Armanti Hardesty is ready to join the next generation of teachers.
“We’re all going into a more technological age,” said Hardesty, an alumnus from Long Beach. “It’s great to have new teachers learning the best ways to help students.”
Stephanie Toledo didn’t want anything to get in the way of her academic success when she arrived at UC Merced.
The shy freshman wasn’t ready to consider clubs, social activities or other campus opportunities. But Toledo soon realized that she needed more than classwork to get the most from her college experience.
Many large state universities fail in their mission to create social mobility, instead perpetuating inequality by catering to privileged students rather than focusing on student success, according to a new book coauthored by a professor at the University of California, Merced.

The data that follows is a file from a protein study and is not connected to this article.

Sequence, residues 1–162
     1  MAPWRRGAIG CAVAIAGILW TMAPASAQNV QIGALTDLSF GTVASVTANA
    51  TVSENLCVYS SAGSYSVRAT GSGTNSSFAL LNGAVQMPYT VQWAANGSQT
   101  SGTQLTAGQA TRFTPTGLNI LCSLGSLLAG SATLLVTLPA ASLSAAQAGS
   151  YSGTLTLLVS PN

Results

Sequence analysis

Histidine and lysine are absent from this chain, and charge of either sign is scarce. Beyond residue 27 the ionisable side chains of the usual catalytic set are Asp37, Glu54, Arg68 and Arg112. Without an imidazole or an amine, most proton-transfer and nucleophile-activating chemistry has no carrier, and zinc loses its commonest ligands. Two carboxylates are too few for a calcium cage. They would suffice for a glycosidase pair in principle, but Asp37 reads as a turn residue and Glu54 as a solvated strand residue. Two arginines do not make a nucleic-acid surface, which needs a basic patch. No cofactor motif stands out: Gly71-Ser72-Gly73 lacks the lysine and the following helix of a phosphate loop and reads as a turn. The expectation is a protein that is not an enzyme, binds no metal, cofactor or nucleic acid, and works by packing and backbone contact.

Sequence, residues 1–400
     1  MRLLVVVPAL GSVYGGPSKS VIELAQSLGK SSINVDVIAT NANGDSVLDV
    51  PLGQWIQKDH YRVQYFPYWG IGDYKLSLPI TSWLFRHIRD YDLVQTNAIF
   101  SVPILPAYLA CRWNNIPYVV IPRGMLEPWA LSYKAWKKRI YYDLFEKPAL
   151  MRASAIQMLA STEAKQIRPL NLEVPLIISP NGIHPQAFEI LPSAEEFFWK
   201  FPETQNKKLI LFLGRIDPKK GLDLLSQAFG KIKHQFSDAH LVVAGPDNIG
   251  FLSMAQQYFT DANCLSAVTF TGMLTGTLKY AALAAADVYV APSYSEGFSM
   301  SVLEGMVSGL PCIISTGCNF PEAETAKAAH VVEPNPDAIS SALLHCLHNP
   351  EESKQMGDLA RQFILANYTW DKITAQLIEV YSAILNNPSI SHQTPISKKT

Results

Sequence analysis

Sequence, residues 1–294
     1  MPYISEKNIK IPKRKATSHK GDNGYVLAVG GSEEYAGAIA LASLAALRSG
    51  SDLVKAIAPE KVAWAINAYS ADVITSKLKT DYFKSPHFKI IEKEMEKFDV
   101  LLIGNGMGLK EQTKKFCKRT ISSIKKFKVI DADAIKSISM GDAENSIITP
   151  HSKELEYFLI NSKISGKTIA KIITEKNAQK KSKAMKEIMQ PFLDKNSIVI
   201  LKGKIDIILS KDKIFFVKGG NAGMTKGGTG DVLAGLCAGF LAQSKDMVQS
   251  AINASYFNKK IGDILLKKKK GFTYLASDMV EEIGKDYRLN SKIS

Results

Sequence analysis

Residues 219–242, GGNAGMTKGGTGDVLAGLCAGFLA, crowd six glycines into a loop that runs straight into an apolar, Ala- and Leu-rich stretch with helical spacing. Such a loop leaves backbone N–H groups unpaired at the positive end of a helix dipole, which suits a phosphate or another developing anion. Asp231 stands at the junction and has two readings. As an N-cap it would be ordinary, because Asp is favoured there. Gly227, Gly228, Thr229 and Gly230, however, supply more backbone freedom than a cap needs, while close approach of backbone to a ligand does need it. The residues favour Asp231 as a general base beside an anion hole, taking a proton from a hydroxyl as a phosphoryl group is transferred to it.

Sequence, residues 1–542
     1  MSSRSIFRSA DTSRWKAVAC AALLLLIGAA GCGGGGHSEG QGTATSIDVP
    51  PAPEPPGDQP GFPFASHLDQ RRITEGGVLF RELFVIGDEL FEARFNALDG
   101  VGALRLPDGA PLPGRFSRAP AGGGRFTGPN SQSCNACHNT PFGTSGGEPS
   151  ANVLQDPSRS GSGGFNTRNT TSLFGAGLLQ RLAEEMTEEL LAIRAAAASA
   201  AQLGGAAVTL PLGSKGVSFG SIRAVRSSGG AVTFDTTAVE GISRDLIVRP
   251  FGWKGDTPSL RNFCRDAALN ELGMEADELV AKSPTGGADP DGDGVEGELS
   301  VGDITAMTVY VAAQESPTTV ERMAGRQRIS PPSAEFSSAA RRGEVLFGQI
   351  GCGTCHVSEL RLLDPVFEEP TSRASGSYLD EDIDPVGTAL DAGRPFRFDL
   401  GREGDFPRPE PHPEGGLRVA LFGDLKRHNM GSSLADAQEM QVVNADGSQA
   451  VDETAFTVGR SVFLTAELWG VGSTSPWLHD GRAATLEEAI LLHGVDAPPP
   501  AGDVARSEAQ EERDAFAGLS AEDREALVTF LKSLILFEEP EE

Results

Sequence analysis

College students who aren’t studying hard may have their parents’ financial support to blame.
A new study by University of California, Merced, sociology Professor Laura T. Hamilton found that students’ GPAs decreased with increased financial support from their parents. The study also found that students with financial aid from their parents were more likely to complete college and earn a degree.
At 33, Nick Navarrette isn’t the average UC Merced student. He’s not even the average transfer student. Then again, Navarrette has never been “average,” nor does he pretend to be. Maybe that’s why adversity doesn’t seem to faze him.